The Heisenberg Uncertainty Principle

The wave packets we tried above satisfy an uncertainty principle which is a property of waves. That is \bgroup\color{black}$\Delta k\Delta x\geq {1\over 2}$\egroup.

For the ``square'' packet the full width in \bgroup\color{black}$k$\egroup is \bgroup\color{black}$\Delta k=a$\egroup. The width in \bgroup\color{black}$x$\egroup is a little hard to define, but, lets use the first node in the probability found at \bgroup\color{black}${ax\over 2}=\pi$\egroup or \bgroup\color{black}$x={2\pi\over a}$\egroup. So the width is twice this or \bgroup\color{black}$\Delta x={4\pi\over a}$\egroup. This gives us

\begin{displaymath}\bgroup\color{black}\Delta k\Delta x = 4\pi\egroup\end{displaymath}

which certainly satisfies the limit above. Note that if we change the width of \bgroup\color{black}$A(k)$\egroup, the width of \bgroup\color{black}$f(x)$\egroup changes to keep the uncertainty product constant.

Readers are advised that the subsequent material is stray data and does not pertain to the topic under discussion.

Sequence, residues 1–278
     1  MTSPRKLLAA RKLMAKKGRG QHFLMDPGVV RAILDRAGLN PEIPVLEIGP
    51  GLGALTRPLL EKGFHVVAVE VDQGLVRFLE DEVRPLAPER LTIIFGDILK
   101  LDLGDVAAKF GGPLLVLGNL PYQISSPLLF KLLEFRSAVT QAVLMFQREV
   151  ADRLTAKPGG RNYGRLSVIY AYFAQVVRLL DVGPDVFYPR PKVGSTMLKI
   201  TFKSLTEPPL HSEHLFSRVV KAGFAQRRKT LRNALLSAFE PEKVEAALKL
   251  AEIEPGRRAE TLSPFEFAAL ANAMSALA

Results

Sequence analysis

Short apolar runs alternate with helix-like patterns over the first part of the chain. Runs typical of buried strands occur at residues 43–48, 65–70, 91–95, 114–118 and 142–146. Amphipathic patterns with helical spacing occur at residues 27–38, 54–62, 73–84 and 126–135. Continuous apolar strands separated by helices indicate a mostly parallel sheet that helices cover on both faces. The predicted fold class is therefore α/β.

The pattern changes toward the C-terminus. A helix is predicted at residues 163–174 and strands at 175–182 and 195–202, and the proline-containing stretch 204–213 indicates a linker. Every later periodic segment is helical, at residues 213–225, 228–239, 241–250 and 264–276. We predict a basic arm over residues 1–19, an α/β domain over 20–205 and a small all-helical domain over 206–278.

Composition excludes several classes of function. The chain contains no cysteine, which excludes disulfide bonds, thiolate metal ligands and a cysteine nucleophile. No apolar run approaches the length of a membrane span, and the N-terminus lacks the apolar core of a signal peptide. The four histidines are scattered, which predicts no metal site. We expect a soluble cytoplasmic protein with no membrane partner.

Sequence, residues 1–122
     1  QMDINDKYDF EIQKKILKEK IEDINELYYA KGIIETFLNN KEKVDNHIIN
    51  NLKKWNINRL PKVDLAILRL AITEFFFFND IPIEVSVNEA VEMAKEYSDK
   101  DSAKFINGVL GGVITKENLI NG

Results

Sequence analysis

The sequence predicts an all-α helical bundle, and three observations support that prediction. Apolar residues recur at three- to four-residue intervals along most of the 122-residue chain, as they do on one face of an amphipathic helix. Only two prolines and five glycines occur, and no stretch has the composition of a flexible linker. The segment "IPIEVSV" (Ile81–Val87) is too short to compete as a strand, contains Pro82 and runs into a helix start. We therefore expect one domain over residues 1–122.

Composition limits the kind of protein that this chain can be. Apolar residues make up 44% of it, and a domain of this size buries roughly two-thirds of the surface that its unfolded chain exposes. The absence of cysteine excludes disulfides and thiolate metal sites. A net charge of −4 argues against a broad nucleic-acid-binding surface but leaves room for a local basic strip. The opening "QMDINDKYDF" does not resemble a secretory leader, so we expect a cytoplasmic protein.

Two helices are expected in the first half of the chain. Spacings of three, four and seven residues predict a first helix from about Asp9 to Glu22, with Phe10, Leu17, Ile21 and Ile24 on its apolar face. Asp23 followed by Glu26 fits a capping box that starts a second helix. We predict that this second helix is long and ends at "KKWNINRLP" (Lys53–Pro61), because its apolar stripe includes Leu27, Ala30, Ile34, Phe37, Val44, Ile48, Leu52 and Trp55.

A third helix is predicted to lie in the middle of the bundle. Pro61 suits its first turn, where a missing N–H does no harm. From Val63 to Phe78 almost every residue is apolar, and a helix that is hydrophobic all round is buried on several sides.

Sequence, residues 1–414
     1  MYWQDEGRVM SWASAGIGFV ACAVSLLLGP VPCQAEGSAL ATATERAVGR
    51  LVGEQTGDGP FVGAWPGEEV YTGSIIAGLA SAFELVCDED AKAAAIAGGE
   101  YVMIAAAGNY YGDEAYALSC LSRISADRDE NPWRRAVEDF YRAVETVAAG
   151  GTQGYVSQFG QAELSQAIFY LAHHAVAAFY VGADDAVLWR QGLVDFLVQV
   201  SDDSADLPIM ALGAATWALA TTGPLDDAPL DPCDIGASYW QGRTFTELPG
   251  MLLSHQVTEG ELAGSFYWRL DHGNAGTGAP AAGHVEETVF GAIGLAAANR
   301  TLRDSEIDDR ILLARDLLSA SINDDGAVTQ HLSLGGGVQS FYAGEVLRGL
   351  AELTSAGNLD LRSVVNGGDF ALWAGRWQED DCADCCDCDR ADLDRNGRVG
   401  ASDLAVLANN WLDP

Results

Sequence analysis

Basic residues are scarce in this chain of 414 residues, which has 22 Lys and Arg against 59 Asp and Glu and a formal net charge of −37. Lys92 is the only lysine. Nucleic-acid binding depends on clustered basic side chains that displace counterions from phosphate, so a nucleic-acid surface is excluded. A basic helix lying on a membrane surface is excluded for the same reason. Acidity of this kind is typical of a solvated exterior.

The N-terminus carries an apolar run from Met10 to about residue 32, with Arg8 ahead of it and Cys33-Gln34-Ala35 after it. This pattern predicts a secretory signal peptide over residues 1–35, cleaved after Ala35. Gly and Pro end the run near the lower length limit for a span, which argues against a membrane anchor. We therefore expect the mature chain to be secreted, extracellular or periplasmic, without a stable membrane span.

For the Gaussian wave packet, we can rigorously read the RMS width of the probability distribution as was done at the end of the section on the Fourier Transform of a Gaussian.

\sigma_x &=& \sqrt{\alpha} \\
\sigma_k &=& {1\over\sqrt{4\alpha}} \\

We can again see that as we vary the width in k-space, the width in x-space varies to keep the product constant.

\begin{displaymath}\bgroup\color{black}\sigma_x\sigma_k={1\over 2}\egroup\end{displaymath}

The Gaussian wave packet gives the minimum uncertainty. We will prove this later.

If we translate into momentum \bgroup\color{black}$p=\hbar k$\egroup, then

\begin{displaymath}\bgroup\color{black}\Delta p=\hbar \Delta k.\egroup\end{displaymath}

So the Heisenberg Uncertainty Principle states.
\bgroup\color{black}$\displaystyle \Delta p\Delta x \geq {\hbar\over 2}$\egroup
It says we cannot know the position of a particle and its momentum at the same time and tells us the limit of how well we can know them.

If we try to localize a particle to a very small region of space, its momentum becomes uncertain. If we try to make a particle with a definite momentum, its probability distribution spreads out over space.

Jim Branson 2013-04-22